Your best chance of surviving a bushfire is to plan in advance and be prepared for the decisions you will have to make about leaving or staying and defending.

No one expects a bushfire to come their way. But the reality is that one can strike anywhere.

Getting your home, property and family prepared before a bushfire happens is your best chance of staying safe, and it may save your life.

Remember: You need to talk to your family and neighbours about what you will do in a bushfire to stay out of danger. It’s important that everyone understands what they need to do.

Have you had your 5 minute Fire Chat?

Most people underestimate what it’s like to experience a bushfire. A bushfire will turn day into night and sound like the roar of a jet plane. Smoke will burn your eyes, the heat radiated by the fire will sear your skin and the hail of embers coming down is relentless.

What would you do if a bushfire threatened your home and family?

Your first step to get prepared is to take 5 minutes and have a Fire Chat to discuss three lifesaving questions.

Start your Fire Chat now

Know your Fire Danger Rating

Fire Danger Ratings (FDR) tell you how dangerous a fire would be if one started. The higher the FDR, the more severe the bushfire will be.

If you are in a bushfire risk area you need to stay informed and know what the FDR is for your area each day.

When the FDR is extreme or catastrophic, it means any fires that start are likely to be so intense that even a well prepared and actively defended home may not survive. In these cases, your best chance of survival is to leave early. Finding out the FDR should be the first step in actioning your Bushfire Survival Plan. You should consider the rating when you decide whether to stay and actively defend your property or whether to leave early.

Know the bushfire alerts and warnings

If you live in a bushfire risk area, you need to understand the Bushfire Warning Systems before a fire threatens your home. The alerts give information on how severe a bushfire is once it’s started. Alerts have four warning levels indicating the increasing risk to your life or property, and the decreasing amount of time you have until the fire arrives.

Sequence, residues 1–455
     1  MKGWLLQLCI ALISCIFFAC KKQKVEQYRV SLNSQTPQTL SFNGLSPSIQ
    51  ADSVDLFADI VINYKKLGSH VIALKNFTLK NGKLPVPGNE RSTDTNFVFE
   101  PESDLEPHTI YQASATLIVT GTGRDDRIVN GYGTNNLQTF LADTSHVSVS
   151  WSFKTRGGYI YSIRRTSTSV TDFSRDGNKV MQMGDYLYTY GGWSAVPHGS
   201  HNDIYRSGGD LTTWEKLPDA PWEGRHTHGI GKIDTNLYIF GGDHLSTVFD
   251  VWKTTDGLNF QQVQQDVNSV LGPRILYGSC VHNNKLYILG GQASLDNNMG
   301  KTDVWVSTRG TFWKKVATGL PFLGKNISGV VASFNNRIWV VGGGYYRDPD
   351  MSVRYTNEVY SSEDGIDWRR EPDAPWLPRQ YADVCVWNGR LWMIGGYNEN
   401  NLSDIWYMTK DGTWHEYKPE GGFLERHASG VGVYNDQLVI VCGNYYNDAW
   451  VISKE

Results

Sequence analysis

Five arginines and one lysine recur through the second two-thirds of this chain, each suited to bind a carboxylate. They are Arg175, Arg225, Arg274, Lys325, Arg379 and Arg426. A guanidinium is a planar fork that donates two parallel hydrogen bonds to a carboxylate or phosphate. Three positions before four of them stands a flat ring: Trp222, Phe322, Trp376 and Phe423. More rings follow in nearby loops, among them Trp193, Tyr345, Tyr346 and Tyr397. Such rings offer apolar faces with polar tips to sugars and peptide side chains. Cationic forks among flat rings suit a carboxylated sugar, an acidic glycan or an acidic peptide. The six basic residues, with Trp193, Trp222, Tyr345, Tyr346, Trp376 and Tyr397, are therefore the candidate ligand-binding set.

Get the factsheet

For all current bushfire alerts and warnings visit

Prepare your emergency kit

Your household should have an emergency kit packed and ready to go if you need to leave your home for a safer location. Download and print this list so you and your family can tick off essential items.

Find more information about preparing an emergency kit here.

Prepare your home and property

Firefighters will be too busy fighting fires on the frontline to defend your home and property, so it is your responsibility to be prepared. Download, print and complete the Property Preparation Checklist to give your home and property the best possible chance of surviving a bushfire.

Asset Protection Zones

An APZ is a low-fuel, defendable space of up to 10 metres immediately surrounding a building, kept free from combustible items and obstructions. This provides a safer area from which firefighting operations can be undertaken to actively defend the building and increases the likelihood that it will survive if left undefended during a bushfire.

Prepare your pets and livestock

When preparing your bushfire plan, think about the welfare of your pets and livestock. You have a duty of care for them, and having a plan means you can act early to give your animals the best chance of survival.

If you can’t take them to an alternative location in advance, you should plan to find a safe area on your property for them to shelter. For livestock, look for a large, well fenced sandy area without trees or buildings nearby, and easy access to a dam. Ensure that your animals have access to adequate food and water.

Prepare your community with

Bushfire Ready is a community-led program that encourages local residents to learn about planning and preparing for bushfires by working together.